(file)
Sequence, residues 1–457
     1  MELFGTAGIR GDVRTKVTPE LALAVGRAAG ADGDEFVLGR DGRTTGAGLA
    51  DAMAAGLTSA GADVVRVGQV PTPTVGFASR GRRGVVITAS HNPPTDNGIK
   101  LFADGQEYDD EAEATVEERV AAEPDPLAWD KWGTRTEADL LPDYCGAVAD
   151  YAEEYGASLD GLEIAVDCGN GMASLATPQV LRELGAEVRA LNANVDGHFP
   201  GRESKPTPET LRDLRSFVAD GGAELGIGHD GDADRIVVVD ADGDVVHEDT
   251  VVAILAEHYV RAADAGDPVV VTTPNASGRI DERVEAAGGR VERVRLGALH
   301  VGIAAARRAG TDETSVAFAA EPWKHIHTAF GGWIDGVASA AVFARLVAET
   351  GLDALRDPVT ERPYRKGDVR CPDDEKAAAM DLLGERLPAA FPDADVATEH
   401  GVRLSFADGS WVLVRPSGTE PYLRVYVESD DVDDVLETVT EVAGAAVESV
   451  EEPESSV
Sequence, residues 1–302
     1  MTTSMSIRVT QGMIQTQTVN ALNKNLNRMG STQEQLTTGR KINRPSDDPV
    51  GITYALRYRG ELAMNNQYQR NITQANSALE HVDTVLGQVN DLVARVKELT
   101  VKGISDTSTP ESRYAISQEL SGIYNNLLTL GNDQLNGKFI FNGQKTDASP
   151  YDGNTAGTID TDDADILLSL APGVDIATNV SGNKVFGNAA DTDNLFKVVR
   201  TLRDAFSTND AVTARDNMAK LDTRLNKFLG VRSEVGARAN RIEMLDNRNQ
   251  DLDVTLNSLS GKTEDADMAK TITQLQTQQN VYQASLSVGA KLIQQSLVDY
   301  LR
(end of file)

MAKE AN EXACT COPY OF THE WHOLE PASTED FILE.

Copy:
Sequence, residues 1–457
     1  MELFGTAGIR GDVRTKVTPE LALAVGRAAG ADGDEFVLGR DGRTTGAGLA
    51  DAMAAGLTSA GADVVRVGQV PTPTVGFASR GRRGVVITAS HNPPTDNGIK
   101  LFADGQEYDD EAEATVEERV AAEPDPLAWD KWGTRTEADL LPDYCGAVAD
   151  YAEEYGASLD GLEIAVDCGN GMASLATPQV LRELGAEVRA LNANVDGHFP
   201  GRESKPTPET LRDLRSFVAD GGAELGIGHD GDADRIVVVD ADGDVVHEDT
   251  VVAILAEHYV RAADAGDPVV VTTPNASGRI DERVEAAGGR VERVRLGALH
   301  VGIAAARRAG TDETSVAFAA EPWKHIHTAF GGWIDGVASA AVFARLVAET
   351  GLDALRDPVT ERPYRKGDVR CPDDEKAAAM DLLGERLPAA FPDADVATEH
   401  GVRLSFADGS WVLVRPSGTE PYLRVYVESD DVDDVLETVT EVAGAAVESV
   451  EEPESSV
Sequence, residues 1–302
     1  MTTSMSIRVT QGMIQTQTVN ALNKNLNRMG STQEQLTTGR KINRPSDDPV
    51  GITYALRYRG ELAMNNQYQR NITQANSALE HVDTVLGQVN DLVARVKELT
   101  VKGISDTSTP ESRYAISQEL SGIYNNLLTL GNDQLNGKFI FNGQKTDASP
   151  YDGNTAGTID TDDADILLSL APGVDIATNV SGNKVFGNAA DTDNLFKVVR
   201  TLRDAFSTND AVTARDNMAK LDTRLNKFLG VRSEVGARAN RIEMLDNRNQ
   251  DLDVTLNSLS GKTEDADMAK TITQLQTQQN VYQASLSVGA KLIQQSLVDY
   301  LR